The Internet has significantly changed the car-buying process, giving shoppers an invaluable tool to find the car they’re looking for at a fair price.
For car dealers, this shift in consumer habits has produced the need to list more of their inventory online. According to the National Independent Automobile Dealers Association (NIADA), more than 82% of dealerships maintain a website and many publish their best price for inventory online -- giving online car shoppers an opportunity to easily compare prices between dealerships. To compare vehicles at multiple dealerships, many online shoppers use sites like cars.com and autotrader.com, which aggregate information published on dealer sites and provide popular comparison engines.1
There are a number of differences between car shopping online and in person, and if you’re purchasing a vehicle online, it’s in your best interest as a buyer to be aware of them.
The pros of car shopping online often outweigh the cons
Formerly, to find a car for sale, you’d have to look in the classified section of a local newspaper or go to a dealership, but with more dealers and private sellers listing vehicles on the Internet, it takes just a few clicks to search for the vehicles available in your area. That said, like many online shopping experiences, it’s easy to become overwhelmed by the sheer volume of options you’ll find when using car shopping websites. Most automobile websites have several ways of filtering search results, which can allow you to pinpoint your desired vehicle based on manufacturer, model, color, mileage, price, features and more. In addition, some other advantages of shopping for cars online include:
- Larger selection
- Easier price comparison
- Usually no pressure to buy
Tips for safely buying a car online
When you’ve picked out the car and contacted the dealership, you want to make sure that you’ve diligently performed all of your research in advance of the purchase. Here are some tips for avoiding pitfalls during a sale:
- Get the VIN (vehicle identification number).
- Look up the vehicle history report.
- Ask the dealership or seller if the title is clean.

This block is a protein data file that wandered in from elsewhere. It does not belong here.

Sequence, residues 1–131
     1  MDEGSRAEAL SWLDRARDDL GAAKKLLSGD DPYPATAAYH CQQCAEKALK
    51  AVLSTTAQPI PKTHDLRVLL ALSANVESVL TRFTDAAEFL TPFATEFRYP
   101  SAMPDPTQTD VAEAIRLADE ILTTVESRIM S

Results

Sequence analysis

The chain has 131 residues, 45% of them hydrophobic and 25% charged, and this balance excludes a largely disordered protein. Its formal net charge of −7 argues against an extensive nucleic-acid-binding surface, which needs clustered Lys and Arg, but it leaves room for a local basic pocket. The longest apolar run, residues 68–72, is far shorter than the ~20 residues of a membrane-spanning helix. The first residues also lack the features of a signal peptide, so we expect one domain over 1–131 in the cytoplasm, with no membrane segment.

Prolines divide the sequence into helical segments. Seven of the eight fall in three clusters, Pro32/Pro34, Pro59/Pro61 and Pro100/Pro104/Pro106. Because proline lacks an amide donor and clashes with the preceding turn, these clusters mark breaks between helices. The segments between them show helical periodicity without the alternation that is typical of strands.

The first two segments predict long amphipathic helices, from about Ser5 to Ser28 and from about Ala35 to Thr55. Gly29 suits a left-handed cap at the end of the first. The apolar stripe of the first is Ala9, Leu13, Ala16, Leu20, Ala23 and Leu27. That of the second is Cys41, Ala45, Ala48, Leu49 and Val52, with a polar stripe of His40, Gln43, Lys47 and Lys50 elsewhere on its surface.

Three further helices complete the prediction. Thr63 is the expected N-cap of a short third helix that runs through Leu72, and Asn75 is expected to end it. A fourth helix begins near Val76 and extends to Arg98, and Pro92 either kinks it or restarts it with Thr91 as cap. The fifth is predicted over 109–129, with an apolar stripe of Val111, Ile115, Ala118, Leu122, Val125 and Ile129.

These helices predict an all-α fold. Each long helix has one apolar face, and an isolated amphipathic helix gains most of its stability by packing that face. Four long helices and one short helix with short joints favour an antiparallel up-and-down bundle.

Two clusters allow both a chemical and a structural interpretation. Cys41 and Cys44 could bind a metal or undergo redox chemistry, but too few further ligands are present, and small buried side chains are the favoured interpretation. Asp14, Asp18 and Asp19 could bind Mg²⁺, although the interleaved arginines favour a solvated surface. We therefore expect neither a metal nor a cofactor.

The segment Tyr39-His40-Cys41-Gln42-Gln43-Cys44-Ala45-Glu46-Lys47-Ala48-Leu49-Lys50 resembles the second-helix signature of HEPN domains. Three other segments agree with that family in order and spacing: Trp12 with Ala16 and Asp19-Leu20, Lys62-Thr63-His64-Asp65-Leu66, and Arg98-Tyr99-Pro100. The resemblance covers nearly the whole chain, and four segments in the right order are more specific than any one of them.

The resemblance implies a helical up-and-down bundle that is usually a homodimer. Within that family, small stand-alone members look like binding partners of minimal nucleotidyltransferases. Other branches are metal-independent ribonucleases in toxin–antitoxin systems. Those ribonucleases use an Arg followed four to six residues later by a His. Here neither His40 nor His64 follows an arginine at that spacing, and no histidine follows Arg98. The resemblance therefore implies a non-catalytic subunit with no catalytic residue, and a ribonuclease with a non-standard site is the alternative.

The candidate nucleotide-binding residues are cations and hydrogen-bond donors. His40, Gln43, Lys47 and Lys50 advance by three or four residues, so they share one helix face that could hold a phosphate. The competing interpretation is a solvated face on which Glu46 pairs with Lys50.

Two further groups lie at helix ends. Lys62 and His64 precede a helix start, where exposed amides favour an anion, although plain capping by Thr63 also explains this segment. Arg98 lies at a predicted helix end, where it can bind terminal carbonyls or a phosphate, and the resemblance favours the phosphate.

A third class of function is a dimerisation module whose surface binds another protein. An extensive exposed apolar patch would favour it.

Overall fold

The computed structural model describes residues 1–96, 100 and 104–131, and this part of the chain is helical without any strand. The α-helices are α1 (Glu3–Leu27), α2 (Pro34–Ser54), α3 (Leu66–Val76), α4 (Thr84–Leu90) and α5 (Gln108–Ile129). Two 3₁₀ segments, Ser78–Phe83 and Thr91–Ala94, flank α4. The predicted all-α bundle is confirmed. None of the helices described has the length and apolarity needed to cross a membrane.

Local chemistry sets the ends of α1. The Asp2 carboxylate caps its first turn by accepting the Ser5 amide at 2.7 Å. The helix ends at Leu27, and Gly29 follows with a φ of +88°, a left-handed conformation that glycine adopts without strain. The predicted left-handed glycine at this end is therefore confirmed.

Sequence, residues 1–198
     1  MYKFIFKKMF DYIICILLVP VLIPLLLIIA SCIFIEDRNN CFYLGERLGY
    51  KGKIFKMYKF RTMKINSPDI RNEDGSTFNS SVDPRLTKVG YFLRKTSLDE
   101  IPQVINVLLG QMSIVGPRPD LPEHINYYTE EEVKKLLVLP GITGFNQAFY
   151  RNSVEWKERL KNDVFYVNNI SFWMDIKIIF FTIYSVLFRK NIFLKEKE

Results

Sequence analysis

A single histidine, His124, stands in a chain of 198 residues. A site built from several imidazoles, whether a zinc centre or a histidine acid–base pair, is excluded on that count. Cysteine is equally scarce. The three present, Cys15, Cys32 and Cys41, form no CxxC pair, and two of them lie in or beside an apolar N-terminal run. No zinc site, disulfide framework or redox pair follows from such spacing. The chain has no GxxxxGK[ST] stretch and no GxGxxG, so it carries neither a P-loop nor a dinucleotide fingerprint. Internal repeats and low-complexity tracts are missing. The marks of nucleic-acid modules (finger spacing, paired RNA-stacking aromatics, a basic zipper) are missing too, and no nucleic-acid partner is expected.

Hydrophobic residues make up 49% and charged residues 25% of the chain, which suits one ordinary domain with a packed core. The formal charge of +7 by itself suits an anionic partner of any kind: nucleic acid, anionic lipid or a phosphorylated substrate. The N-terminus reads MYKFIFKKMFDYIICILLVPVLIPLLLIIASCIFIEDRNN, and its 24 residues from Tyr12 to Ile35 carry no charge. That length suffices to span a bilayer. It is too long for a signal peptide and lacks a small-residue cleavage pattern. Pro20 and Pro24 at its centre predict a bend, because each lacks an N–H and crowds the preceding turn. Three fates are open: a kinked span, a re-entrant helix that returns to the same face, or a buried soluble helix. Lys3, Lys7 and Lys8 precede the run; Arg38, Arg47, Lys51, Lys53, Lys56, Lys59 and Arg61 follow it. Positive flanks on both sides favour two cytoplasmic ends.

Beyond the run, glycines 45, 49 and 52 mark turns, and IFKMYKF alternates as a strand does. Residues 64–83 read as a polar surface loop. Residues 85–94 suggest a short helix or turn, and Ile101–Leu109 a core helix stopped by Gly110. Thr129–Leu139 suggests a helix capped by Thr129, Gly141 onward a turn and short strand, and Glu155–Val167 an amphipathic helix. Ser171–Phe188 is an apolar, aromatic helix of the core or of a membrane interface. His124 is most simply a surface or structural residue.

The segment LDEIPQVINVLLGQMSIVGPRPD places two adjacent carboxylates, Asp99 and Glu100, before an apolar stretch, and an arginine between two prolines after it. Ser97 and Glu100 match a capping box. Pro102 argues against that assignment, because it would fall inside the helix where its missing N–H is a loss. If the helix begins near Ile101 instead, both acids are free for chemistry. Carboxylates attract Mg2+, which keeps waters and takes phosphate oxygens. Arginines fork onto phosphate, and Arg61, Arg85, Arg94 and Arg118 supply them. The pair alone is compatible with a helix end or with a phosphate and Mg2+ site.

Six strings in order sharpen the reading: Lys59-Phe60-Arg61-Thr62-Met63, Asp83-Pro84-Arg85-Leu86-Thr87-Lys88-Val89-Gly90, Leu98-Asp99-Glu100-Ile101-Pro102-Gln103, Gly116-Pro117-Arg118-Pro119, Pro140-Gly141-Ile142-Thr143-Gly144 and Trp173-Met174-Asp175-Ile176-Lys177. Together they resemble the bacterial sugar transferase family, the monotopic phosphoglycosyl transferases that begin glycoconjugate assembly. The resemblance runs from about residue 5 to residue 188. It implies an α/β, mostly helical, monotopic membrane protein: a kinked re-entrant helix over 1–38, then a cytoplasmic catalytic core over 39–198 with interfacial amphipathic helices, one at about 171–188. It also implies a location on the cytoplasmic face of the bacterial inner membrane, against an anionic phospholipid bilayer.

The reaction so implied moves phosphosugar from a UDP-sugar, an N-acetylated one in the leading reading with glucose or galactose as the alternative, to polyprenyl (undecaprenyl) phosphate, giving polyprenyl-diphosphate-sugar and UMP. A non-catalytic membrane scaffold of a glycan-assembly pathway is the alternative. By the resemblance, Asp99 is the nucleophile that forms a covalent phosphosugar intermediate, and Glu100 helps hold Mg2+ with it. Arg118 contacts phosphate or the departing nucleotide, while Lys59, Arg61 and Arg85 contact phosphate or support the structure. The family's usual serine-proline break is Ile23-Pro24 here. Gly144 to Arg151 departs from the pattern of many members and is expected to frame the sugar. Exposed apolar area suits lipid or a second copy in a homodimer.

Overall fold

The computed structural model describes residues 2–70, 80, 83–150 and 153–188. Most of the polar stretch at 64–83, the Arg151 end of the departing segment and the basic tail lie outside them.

- Know that you will need a notary present to transfer the title during a private sale, and you will also need to pay applicable state and local taxes, so you should factor that into your financing.
A word about private car sales online
While dealerships make up the majority of online vehicle listings, private sellers also frequently list vehicles online for sale. While buying from a private seller can be a great way to save money on a vehicle purchase, there are several ways that private auto sales differ from buying a car from a dealership. In particular, you should be aware of the following when car shopping online:
- If you’re purchasing from a private seller, consider getting a mechanic to look over the car. Private sellers are not under the same obligations as a dealership for delivering quality goods, and most private auto sales are delivered “as is.”
- Know that you will need a notary present to transfer the title during a private sale, and you will also need to pay applicable state and local taxes, so you should factor that into your financing. You may want to complete the title transfer at the BMV/DMV with the seller present.
- If a seller has not paid off his vehicle in full, he will need to obtain a release from his lender on his vehicle loan, which may involve transferring the auto loan to another lender.
- You will need to immediately register your car purchase with your local BMV/DMV.
Car shopping online is an easy and fast way to see what options are out there, and if you do your homework before you go to buy, you'll put yourself in a great position to get a great deal on the car that you want.